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I am estimating latitudes and longitudes for 500K+ locations. The geocode() function in the dismo package appears to be perfect, but uses Google Earth as the backend. The problem is that GE has a usage limit of 2500 queries/day only, which throws dismo out for me as a realistic solution. So my questions are:

  1. Is there any other package which does the same thing, but uses Yahoo, Bing or some another backend with more generous limits?
  2. Is there any other way of running bulk queries outside of R which I may not be aware of? The solution must necessarily be free :-(

NOTE: I am running the queries for places in India, so a US-only solution will not do.

SUPPLEMENTARY QUESTION: I am not a developer, so I might be talking through a hat here. It seems to me that the geocode() function is calling Google's API under the hood, and is hence able to spit out the lat/long coordinates. Since r/dismo is open-source, is there any way to change the pointer to Yahoo/Bing?

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This question of mine has some answers - my context was a little different, but you might find something useful there. – Matt Parker Jan 3 '12 at 17:16
What is the geographic extent of the locations? Worldwide will likely need to be an online geocoder, but smaller areas will have potential offline solutions. – Andy W Jan 3 '12 at 17:21
All in India. My queries will have to run on the names of villages, subdistricts, districts and states. I have tested google's API for a week and have feeling the lat/longs are quite in the ballpark. – user702432 Jan 4 '12 at 5:13
What exactly to you want to do? Maybe you can use OpenStreetMap to find your coordinates. It should work in most bigger cities... – Dominik Jan 4 '12 at 9:31

Yahoo will allow up to 50k queries per API key per day. Bing will allow 10k. Google's limit of 2500 is based on IP address, rather than an API key. All of these have pretty strict terms of use around how the data may be used. Generally, they insist that it only be used in a display (e.g., a webpage) and may not be stored in any way. The docs are worth a read if you intend to use the services for anything other than exploratory research.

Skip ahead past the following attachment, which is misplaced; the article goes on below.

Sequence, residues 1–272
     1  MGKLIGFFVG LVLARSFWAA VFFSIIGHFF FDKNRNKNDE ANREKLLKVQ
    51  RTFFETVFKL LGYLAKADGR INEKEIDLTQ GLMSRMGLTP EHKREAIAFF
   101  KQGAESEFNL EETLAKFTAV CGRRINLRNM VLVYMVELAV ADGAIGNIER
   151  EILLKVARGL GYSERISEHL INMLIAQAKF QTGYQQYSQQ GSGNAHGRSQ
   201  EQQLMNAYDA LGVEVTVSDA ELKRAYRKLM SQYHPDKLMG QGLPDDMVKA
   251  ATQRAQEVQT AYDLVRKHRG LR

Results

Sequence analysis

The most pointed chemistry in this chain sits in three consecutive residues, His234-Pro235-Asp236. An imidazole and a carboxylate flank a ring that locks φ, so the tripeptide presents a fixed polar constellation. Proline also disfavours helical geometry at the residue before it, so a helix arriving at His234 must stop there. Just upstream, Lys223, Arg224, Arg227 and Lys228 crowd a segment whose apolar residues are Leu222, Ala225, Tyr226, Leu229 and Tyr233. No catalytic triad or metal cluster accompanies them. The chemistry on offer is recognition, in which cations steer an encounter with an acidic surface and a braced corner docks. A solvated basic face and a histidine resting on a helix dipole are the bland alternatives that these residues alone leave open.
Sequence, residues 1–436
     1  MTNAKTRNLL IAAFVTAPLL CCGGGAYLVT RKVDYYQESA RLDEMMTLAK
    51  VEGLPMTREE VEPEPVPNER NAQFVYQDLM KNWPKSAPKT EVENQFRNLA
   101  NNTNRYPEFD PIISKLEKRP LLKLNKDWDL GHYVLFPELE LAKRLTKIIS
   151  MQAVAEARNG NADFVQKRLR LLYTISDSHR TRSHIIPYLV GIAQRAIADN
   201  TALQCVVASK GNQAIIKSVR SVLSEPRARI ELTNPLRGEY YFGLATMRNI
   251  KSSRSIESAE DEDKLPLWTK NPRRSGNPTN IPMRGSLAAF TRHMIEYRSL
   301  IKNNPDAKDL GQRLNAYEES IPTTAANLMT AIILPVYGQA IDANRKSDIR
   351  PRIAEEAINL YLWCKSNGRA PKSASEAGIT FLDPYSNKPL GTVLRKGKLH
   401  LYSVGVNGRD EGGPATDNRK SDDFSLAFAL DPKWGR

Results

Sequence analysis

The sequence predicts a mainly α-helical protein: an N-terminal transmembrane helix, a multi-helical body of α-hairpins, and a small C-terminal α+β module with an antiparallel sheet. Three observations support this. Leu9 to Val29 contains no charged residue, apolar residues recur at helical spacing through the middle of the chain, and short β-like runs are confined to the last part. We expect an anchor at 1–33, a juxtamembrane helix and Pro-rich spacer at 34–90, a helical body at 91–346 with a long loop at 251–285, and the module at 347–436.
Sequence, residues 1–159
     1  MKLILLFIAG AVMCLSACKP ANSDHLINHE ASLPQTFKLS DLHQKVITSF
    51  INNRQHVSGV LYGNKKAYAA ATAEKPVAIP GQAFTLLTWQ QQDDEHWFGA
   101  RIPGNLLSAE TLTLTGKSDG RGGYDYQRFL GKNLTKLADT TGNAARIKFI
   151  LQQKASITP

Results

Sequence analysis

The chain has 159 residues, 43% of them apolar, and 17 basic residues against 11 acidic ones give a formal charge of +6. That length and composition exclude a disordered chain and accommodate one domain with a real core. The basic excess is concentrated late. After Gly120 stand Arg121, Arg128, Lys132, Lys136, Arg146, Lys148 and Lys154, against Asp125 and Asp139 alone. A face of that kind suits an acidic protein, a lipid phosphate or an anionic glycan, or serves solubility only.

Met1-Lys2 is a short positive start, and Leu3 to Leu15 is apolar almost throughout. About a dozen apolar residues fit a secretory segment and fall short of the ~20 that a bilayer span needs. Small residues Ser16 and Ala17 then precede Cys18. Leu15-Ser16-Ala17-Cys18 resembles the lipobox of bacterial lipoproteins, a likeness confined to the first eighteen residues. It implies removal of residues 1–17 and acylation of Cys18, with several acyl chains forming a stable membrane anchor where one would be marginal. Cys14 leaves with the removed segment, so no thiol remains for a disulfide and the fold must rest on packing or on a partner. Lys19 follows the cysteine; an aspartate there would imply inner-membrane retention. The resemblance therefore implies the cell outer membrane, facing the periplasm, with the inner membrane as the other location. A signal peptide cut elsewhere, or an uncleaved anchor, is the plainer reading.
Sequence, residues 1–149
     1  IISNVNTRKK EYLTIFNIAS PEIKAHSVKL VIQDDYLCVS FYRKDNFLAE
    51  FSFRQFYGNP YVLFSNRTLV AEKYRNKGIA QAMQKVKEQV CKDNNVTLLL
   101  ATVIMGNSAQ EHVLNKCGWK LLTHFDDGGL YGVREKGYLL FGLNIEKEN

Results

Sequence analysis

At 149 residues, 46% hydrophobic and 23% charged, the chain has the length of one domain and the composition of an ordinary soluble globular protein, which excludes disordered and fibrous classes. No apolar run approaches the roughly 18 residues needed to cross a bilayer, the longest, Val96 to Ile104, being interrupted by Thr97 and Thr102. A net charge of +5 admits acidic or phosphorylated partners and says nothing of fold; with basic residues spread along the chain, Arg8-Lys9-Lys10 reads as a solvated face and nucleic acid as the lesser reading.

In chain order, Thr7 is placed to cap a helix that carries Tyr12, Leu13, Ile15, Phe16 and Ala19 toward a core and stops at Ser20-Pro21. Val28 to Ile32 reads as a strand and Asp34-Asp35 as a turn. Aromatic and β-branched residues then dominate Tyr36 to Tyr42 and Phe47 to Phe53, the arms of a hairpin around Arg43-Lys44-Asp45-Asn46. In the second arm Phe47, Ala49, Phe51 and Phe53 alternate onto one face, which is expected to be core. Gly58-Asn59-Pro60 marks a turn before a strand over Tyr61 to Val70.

You might try the geocoding service at USC. I haven't used it myself, but it appears to allow up to 2500 requests per transaction and has both a batch service via file upload and an API.

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One alternative (that I haven't tried) would be to use Pete Warden's Data Science Toolkit via Ryan Elmore's RDSTK package. It's unclear what the limit on Pete Warden's API is, but the whole thing is open source and he provides instructions on how to set up your own instance. In that case, you'd have to tweak the RDSTK package to point to your own instance, but that's a pretty trivial search-and-replace in this file.

Major caveat: I haven't actually tried this. My geocoding scheme got sidetracked, so I haven't been able to follow up on these things yet.

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Thanks, Matt. But a random search reveals too many inconsistencies/holes. Good call, though. – user702432 Jan 4 '12 at 5:20
Matt... Your comment gave me an idea which I've put in as a supplementary question in my original post. Sorry I'm clueless about changing packages myself. – user702432 Jan 4 '12 at 6:46
@user702432 Sorry to hear that DSTK didn't work out for you. I took a look at the dismo::geocode function, and I don't think you could easily modify it to point to another API - most of the code in there looks pretty specific to Google. You might have better luck outside of R - maybe take a look at geopy, which lets you choose from a few different services (I haven't used it myself). – Matt Parker Jan 4 '12 at 16:43
Thanks, Matt. I guess I'll have to delve into Python now. I'm afraid I know only the rudimentary stuff. – user702432 Jan 5 '12 at 7:27
@user702432 You can always try asking at gis.stackexchange.com too - just make sure to link back to this question. Good luck! – Matt Parker Jan 5 '12 at 16:07

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